USA Today has an article on the Iraq War, relating to the Sunk Cost Fallacy. This fallacy, often described as “throwing good money after bad,” is usually described as when an investor keeps investing in an unprofitable venture, merely because he has put so much money into it already. He figures if he doesn’t keep investing then all the money he has put in was wasted, but by staying in all he does is waste more money. The phrase “sunk cost” refers to the fact that the money is gone, and there’s no way to retrieve it, and therefore the decision to invest further should be made on the basis of future costs alone.
The article does a good job of explaining the trap this fallacy leads to, as it is with the Iraq war:
Here’s the problem: As our involvement continues, X gets bigger and
bigger, making withdrawal increasingly costly, pressing on easier to
justify, and the decision itself less sensitive to the potential and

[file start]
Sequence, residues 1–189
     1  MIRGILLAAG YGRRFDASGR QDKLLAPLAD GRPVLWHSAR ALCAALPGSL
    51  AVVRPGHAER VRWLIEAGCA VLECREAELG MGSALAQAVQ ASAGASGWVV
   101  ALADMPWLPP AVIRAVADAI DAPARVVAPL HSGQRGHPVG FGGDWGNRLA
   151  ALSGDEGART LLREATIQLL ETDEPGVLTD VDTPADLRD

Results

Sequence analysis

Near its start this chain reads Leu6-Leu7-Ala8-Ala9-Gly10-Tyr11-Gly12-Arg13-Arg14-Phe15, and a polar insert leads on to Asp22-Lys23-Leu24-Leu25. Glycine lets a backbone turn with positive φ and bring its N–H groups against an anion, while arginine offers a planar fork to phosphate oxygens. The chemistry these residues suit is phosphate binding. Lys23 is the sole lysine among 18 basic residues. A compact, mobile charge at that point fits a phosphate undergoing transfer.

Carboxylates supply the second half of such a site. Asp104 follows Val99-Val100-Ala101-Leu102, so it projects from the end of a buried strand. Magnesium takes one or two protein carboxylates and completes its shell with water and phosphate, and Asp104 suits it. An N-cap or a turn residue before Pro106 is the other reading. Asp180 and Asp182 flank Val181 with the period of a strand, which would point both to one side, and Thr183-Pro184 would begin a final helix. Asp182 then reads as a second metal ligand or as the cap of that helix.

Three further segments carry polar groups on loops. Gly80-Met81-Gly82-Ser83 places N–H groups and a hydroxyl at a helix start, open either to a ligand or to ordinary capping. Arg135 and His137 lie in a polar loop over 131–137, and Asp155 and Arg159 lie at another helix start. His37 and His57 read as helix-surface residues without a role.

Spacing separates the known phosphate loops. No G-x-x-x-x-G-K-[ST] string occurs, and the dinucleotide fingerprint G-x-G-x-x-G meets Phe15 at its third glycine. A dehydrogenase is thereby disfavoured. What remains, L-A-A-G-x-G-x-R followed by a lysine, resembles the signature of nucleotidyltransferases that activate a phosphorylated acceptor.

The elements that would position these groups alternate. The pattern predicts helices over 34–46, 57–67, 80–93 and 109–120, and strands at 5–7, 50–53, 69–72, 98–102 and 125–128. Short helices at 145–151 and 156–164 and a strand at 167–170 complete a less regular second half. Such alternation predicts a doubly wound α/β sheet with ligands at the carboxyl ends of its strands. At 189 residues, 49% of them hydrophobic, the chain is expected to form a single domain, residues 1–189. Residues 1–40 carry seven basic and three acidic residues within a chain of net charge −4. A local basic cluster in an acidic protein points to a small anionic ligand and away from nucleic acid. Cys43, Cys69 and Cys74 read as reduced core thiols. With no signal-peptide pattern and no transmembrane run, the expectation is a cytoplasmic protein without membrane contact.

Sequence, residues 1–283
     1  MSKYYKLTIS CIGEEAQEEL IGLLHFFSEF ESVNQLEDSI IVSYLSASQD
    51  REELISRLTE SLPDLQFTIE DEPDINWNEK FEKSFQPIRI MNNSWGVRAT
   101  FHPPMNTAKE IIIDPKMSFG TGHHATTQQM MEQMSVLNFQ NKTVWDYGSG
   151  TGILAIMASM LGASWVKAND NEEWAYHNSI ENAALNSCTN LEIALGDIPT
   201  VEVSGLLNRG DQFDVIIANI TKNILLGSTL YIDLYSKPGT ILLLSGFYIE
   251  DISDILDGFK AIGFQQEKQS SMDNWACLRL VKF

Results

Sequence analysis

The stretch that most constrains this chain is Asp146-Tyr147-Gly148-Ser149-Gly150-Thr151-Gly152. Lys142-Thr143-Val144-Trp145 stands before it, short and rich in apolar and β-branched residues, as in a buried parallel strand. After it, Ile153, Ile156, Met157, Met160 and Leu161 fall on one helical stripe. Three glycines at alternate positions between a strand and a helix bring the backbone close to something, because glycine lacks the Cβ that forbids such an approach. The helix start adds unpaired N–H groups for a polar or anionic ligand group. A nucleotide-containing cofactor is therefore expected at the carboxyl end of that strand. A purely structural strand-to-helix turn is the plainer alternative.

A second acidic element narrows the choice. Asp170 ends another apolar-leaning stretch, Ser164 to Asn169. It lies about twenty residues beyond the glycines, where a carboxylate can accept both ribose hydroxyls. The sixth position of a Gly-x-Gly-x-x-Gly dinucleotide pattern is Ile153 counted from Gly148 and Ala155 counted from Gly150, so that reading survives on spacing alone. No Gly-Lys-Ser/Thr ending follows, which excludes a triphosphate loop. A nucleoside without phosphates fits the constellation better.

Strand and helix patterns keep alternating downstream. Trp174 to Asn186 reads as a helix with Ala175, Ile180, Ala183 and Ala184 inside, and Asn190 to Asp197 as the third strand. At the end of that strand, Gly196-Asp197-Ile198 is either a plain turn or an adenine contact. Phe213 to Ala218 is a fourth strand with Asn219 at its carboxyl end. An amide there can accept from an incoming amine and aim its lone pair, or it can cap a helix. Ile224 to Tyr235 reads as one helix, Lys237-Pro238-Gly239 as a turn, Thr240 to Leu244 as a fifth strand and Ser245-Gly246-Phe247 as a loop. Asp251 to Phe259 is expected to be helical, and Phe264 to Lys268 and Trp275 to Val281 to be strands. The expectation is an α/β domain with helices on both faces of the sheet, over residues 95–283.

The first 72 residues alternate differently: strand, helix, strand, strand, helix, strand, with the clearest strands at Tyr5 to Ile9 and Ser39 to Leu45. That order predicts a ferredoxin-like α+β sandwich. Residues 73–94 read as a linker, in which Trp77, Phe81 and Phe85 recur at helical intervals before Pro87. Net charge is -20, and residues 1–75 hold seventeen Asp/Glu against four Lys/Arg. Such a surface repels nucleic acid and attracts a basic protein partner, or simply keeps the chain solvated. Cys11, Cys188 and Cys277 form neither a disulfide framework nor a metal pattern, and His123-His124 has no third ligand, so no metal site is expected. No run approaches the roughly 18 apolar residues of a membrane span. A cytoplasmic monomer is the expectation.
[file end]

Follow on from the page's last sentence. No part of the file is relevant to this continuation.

rewards of victory. Incorporating sunk costs into our war
decision-making does wrong to those called upon to make future
sacrifices as we strive to make lost lives count.
Why do our leaders consider X in their decision-making over the war?
Probably because we feel a strong emotional response toward X,
unlike, say, the merely financial sunk costs incurred by firms. It is
hard to bear the idea that the sacrifice of these American lives would
be devoid of existential meaning. Moreover, the more we have invested
in the war, the worse we look by withdrawing.
In the rhetoric of the difficult decisions over whether to extend
our involvement in the war, including X as a cost of withdrawing
inappropriately inflates the cost of a withdrawal. Just as it is harder
to quit Silver Falls after wasting $10 worth of quarters, it is harder
to quit a war after incurring 3,600 dead and tens of thousands wounded, and spending the better part of a trillion dollars in a failed effort.
Although it may seem callous, we need to forget about X in our
decision-making about the war. The correct way to think about whether
or not to proceed is to weigh the costs and benefits from pressing on
from this point forward. What value do we place on victory? What are
the chances that we will prevail if we do press on? And what will be
the costs of pressing on in terms of lives and resources? Our country
may be divided on this issue, but we owe it to those who may yet be
called to make the ultimate sacrifice to properly count our costs.
Wise words, but good luck getting Bush & Co., or even most of the current crop of Presidential candidates (Ron Paul excepted), to understand it.